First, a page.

A few thoughts on collaboration

Collaboration is great, but not always easy. When people come together to talk about their ideas and opinions we get excited. We’re eager to share what we think, we are inevitably met with the drama of dissenting opinions and the crushing realization that this problem is going to be a wee bit harder than we thought. A presentation of hard facts and constraints usually helps us get a grip on our reality, and with this new information, we try to find a common rallying cry around new ideas and new inspirations. This is not without a fair bit of arguing about what’s best and what’s worse, what’s yours and mine, and ultimately, if all goes well... <everyone take a deep cleansing breath together> …. we find a path forward and march towards the light at the end of the tunnel together... <exhale>... 

Oftentimes somewhere smack in the middle of these really animated and intense product conversations, we look awkwardly (and if we are honest, probably rather defensively) around and say, “Well, WTF are we supposed to do now?!?” In my experience, the most common answer is “We should definitely go get lunch.” So we go clear our heads and fill our stomachs, but when we return there is still a lot of consensus building and decision making to be done. So. I spend time thinking about collaboration. How do we take all of our creative ideas, individual opinions, and possible technical implementations and actually agree on something concrete that we all can work towards together?

The only answer I have right now? One thoughtful step at a time.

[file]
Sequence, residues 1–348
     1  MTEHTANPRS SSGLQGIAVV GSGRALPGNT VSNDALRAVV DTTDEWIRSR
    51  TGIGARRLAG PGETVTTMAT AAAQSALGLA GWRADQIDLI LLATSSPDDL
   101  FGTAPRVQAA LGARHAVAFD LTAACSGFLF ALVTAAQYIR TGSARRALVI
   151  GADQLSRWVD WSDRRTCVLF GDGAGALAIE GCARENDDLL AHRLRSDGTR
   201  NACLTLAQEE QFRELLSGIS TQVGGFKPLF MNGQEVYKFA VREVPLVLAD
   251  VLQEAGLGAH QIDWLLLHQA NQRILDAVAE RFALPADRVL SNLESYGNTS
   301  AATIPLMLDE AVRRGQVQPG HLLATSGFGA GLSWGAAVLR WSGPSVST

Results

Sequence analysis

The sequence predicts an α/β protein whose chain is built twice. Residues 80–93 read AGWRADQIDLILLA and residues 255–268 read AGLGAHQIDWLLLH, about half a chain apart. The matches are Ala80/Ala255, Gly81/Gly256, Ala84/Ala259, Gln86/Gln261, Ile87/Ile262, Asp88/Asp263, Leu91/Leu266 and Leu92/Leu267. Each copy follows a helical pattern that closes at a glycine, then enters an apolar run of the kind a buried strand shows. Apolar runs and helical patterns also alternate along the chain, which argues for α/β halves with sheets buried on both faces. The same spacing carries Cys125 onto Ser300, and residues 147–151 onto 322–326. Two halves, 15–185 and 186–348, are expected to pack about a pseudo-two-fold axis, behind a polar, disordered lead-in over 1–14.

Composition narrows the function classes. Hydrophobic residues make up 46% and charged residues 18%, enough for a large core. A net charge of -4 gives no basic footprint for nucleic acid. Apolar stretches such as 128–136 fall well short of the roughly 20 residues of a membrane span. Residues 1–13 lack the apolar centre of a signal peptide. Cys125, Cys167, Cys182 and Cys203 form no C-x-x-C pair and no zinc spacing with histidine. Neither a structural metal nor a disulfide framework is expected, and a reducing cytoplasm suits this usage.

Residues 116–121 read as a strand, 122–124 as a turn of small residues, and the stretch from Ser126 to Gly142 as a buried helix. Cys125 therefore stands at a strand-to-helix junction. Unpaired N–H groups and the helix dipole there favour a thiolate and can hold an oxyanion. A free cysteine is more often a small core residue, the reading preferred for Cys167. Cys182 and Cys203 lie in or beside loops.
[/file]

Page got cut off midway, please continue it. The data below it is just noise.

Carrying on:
There is temptation (especially when you’re a new product and don’t have tons of users) to say “Making actual decisions is hard! Let’s just try things! What harm can be done?! I mean, we can always change it back later!” This is generally a fly-by-the-seat-of-your-pants approach that totally works when... say… you’re road tripping by yourself and find that the scenic route somehow became way-more-scenic-than-you-expected. <No harm done!> You end up sleeping in the back of your car by the side of the road and digging some fruit snacks out of your glove box for late-night sustenance. <No big deal!> Why? Because it’s an adventure! You can just head back the way you came once you get a little shut eye! Easy peasy… <just don’t run out of gas.>

Honestly, I am a fly-by-the-seat-of-my-pants kind of girl most of the time. However, I have learned that in life, as in product development, there are some obvious downsides to this approach. It doesn’t stop to anticipate future roadblocks or dead-ends. It rarely considers or even identifies a goal or purpose. It’s focused on what is present and immediate rather than what is scalable or long lasting. It doesn’t know where the finish line is. But. It’s bold and you’ll inevitably learn some amazing things along the way. This is a great as long as you don’t mind eating the product equivalent of fruit snacks on release day. Sometimes it's worth it.

But more realistically there is always a balance between being bold and being intentional.

We should absolutely be bold about how we approach product problems and their possible solutions. We should not be afraid to do something and say “Nope! Never doing that again!” We should try new things. We should do things that are good for people using our product. But we should ALSO be intentional about what we are doing and how we want to learn from our own process or making and discovery. Intention without boldness is dependable and predictable, but won’t teach you any new tricks. Boldness without intention can be exciting, but might also result in a lot of mis-aligned product experiences.

The mistake most people make (I think) is that they are intentional about finding answers but less intentional about asking the right questions. Questions lead us to approaches. Approaches help us learn what questions we need to ask. Being intentional is never about having the right answer, but always about taking a step in a thoughtful direction.